According to new Statistics Canada data, there are only 450,000 registered MED patients, out of a total 1,086,000 people who say they use MED, leaving 60% of MED patients outside the system.
Twitter—Dan Goulet

Quick Hits

  1. Saskatoon police laid only eight charges for cannabis-impaired driving (out of 41 impaired driving charges in the city of 273,000) in the first year after legalization.
    CTV News
  2. AdCann celebrated six examples of decent-looking packaging that's Health Canada–compliant.

Whether you'll be able to buy legal 2.0 products before Christmas depends where you live.

Many are coming into 2.0 as slowly as possible, as Tantalus Labs CEO Dan Sutton noted, saying "2.0 rollout will take the substantial part of 2020 for full deployment in new categories."
Twitter—Dan Sutton, Bloomberg

Just in time for vape legalization, Alberta is redrafting its clean-air law to include vape products.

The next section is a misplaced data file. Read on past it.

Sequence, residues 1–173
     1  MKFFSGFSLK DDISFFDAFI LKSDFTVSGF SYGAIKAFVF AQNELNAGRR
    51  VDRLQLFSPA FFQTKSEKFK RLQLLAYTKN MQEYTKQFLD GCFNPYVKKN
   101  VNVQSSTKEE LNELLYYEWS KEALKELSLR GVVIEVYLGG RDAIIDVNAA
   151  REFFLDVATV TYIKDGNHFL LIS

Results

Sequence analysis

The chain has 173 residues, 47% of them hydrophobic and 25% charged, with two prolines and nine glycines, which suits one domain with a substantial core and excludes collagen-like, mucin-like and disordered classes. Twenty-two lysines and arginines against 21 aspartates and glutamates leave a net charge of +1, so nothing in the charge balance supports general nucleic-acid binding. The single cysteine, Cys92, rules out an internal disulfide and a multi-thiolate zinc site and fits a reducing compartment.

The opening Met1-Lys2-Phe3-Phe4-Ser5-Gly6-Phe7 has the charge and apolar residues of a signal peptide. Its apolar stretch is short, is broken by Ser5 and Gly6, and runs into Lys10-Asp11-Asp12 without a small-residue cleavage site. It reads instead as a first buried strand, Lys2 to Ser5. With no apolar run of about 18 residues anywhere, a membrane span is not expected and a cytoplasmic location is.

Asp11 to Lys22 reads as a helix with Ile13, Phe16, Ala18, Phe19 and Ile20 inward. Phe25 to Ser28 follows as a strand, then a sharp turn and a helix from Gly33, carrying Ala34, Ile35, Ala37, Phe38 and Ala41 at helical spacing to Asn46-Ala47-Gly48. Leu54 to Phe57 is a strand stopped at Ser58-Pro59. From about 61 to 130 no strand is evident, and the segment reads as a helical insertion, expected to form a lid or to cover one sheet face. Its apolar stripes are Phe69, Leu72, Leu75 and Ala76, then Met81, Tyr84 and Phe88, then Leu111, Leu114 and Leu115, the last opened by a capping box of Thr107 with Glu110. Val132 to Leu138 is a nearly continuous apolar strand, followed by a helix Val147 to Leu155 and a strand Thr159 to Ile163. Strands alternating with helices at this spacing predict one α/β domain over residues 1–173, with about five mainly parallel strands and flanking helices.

MJ Biz Daily

  • In an atypical moment of common sense around vaping, British Columbia announced it would not apply its new 13% vape tax to dry-herb vaporizers.
    Twitter—Matt Lamers
  • The industry has high hopes for vape products, in spite of the recent panic over vaping illness. Canopy VP communications Jordan Sinclair predicted vape products would comprise the "lion's share" of the 2.0 profits.

On an ominous note, researchers in the US discovered that some terpenes added to extracts for vaping may turn toxic when heated.

This week on the podcast
Weedmaps’ Big Pivot, with Chris Beals

David Klein, CFO of Constellation Brands and a three-time winner of Institutional Investor's "Best CFO" award, was appointed CEO of Canopy, taking over from the last remaining co-founder, acting CEO Mark Zekulin, who was installed after co-founder and CEO Bruce Linton was fired in the summer.
MJBiz Daily

MJ Biz's Matt Lamers noted Klein said on October 16, "We think Canopy is probably the single biggest value event creation within CPG [consumer packaged goods] in our lifetimes."
Twitter—Matt Lamers

  • At another point, Lamers noted, Klein said, "We have to pick through those capability sets [Bruce Linton developed for Canopy] and line up the biggest profit pools with the highest probability of success and focus in those areas."